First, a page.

Sometimes in life we can be like this. In our walk of faith, we don’t pay attention like we should. Something other than the path draws our attention and we stumble. In those videos, the person usually walks right into a construction zone that is marked with bright orange cones and construction tape. It is not a secret that what they are walking into is dangerous. However, they refuse to look at their path and keep walking regardless.

Proverbs 4:25-27 tells us to look ahead and to keep our eyes fixed on the path ahead. When we allow our eyes and our thoughts to be distracted by other things, we are more likely to fall into the pit. We need to instead put our eyes away from such distraction and turn to the LORD. We need to keep our eyes on Him and His Word so that when temptation comes our way, we can see it and turn from it. Just as Proverbs reiterates, we need to listen to instruction. Instead of ignoring the warning signs, we need to avert our path away from them. We need to follow the directions that guide us away from the hole. We need to keep our eyes on the path.

-Hannah Deane

Today’s Bible reading passages can be read or listened to at BibleGateway here – 1 Kings 21-22 and Proverbs 4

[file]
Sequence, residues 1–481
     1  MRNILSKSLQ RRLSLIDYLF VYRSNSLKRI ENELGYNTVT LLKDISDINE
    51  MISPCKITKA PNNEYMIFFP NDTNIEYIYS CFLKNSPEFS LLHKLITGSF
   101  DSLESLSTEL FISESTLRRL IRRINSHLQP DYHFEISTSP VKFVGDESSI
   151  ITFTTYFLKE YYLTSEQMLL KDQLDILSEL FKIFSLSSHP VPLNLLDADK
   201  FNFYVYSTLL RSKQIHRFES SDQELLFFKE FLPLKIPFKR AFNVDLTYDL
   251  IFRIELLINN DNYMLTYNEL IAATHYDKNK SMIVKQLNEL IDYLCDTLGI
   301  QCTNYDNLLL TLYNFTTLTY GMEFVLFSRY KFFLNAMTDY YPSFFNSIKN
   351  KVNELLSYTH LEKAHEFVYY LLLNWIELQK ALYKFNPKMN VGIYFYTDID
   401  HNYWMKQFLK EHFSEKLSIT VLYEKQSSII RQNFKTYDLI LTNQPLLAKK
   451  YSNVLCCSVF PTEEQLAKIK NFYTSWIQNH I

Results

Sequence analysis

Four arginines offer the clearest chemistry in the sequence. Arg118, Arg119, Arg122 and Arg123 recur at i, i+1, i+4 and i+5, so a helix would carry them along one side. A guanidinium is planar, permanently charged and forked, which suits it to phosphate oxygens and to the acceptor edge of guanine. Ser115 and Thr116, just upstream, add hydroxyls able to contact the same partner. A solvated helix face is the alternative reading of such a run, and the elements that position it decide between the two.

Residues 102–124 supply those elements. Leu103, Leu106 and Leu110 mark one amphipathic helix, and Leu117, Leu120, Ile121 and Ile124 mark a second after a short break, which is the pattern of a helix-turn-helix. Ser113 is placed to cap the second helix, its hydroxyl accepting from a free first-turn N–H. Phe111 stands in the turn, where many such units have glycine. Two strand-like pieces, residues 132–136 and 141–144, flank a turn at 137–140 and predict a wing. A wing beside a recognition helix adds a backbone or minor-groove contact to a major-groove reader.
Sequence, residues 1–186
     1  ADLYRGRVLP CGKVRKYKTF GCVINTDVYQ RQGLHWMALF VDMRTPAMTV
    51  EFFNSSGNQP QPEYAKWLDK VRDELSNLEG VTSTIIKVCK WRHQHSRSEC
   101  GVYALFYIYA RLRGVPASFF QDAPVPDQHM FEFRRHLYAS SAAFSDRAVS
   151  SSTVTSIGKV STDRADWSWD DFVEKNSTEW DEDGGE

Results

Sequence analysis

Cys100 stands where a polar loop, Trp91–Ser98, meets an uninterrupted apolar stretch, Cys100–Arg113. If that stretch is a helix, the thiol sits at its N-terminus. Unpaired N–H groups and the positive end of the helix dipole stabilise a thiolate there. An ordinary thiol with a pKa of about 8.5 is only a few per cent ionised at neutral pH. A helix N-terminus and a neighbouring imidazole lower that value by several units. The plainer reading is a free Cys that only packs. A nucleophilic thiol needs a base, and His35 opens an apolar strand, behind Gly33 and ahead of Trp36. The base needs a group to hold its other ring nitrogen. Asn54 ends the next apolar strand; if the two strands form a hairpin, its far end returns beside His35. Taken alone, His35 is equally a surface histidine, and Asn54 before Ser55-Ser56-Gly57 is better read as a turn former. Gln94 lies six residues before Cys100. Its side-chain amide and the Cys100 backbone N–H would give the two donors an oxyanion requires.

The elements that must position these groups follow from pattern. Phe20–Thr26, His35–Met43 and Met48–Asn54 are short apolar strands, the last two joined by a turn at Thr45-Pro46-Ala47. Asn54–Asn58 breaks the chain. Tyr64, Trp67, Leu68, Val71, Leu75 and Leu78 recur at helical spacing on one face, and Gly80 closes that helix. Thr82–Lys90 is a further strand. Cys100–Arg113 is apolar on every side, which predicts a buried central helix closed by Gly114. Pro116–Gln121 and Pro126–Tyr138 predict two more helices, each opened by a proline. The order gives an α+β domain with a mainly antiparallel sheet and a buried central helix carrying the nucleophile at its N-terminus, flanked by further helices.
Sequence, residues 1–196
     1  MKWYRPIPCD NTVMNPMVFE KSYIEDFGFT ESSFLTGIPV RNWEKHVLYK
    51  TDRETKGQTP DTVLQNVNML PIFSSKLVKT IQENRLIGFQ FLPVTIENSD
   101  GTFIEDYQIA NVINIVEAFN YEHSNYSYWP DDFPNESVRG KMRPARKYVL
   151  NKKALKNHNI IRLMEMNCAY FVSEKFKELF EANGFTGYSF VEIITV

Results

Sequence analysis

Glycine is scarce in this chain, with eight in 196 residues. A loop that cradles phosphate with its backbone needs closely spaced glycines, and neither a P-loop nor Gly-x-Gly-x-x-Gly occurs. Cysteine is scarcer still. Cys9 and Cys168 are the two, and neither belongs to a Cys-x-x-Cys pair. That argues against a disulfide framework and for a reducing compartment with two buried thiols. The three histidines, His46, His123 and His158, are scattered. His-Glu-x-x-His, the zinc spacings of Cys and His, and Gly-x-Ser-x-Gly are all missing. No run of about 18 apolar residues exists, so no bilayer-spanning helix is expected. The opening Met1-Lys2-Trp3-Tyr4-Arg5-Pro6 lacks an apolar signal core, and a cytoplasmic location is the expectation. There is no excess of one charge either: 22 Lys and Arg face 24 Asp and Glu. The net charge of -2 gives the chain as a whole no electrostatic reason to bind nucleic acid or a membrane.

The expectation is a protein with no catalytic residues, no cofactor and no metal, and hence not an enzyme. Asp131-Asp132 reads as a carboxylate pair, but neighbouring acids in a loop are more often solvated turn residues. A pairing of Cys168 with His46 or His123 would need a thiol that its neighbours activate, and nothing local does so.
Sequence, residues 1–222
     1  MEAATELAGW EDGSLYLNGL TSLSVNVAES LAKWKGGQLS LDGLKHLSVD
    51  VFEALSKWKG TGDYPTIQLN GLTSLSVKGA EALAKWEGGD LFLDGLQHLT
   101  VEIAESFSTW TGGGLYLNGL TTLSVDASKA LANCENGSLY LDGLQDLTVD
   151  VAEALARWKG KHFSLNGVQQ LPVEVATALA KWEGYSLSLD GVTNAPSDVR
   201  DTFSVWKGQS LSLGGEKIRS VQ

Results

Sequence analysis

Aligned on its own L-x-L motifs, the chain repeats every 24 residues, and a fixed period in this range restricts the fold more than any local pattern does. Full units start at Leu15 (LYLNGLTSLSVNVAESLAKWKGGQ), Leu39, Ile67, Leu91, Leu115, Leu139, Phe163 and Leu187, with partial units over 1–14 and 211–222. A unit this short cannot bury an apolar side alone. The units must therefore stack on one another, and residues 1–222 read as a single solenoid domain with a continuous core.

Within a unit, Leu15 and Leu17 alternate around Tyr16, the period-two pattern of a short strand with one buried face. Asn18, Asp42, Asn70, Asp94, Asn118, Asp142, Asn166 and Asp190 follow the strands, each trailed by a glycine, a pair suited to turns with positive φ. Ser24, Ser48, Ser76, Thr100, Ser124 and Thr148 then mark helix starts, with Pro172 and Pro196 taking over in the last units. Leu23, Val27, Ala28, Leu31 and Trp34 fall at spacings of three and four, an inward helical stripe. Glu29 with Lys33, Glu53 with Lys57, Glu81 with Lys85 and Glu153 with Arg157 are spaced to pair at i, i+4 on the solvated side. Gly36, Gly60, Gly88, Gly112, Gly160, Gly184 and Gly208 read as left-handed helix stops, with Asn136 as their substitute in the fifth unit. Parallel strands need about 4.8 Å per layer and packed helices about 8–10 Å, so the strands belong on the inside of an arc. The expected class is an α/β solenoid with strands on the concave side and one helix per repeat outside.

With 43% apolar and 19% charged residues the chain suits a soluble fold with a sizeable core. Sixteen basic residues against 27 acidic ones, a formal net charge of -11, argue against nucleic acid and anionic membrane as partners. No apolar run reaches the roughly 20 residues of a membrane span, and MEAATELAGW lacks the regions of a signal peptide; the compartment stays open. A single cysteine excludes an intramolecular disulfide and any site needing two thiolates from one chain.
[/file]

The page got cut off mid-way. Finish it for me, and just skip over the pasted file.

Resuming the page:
The Instruction Booklet

Proverbs 1

Have you ever tried to help a child put together a toy train track? There are so many pieces and in the end they are supposed to make a complete track. Some of the pieces make sense and, well, others are like that onion ring you find in an order of fries. No instruction booklet is included, so you are on your own. You attempt to put the train track together yourself based off of what you think it looks right. If you are like me, the end result is a train track with very strange turns and a dead end. It is not the complete figure eight as pictured on the box. If only the factory had sent some sort of instructions, then perhaps you wouldn’t be in this fix.

In Proverbs 1, we learn from that, “the beginning of knowledge is the fear of the LORD”. It tells us that only fools despise the wisdom and instruction that they receive. The Bible offers us so much instruction on how to live our lives. Proverbs tells us to walk in the way of wisdom and here we are told that to be knowledgeable we must look to God. He is the foundation of knowledge and only through Him and the heeding of His word can we hope to access true wisdom.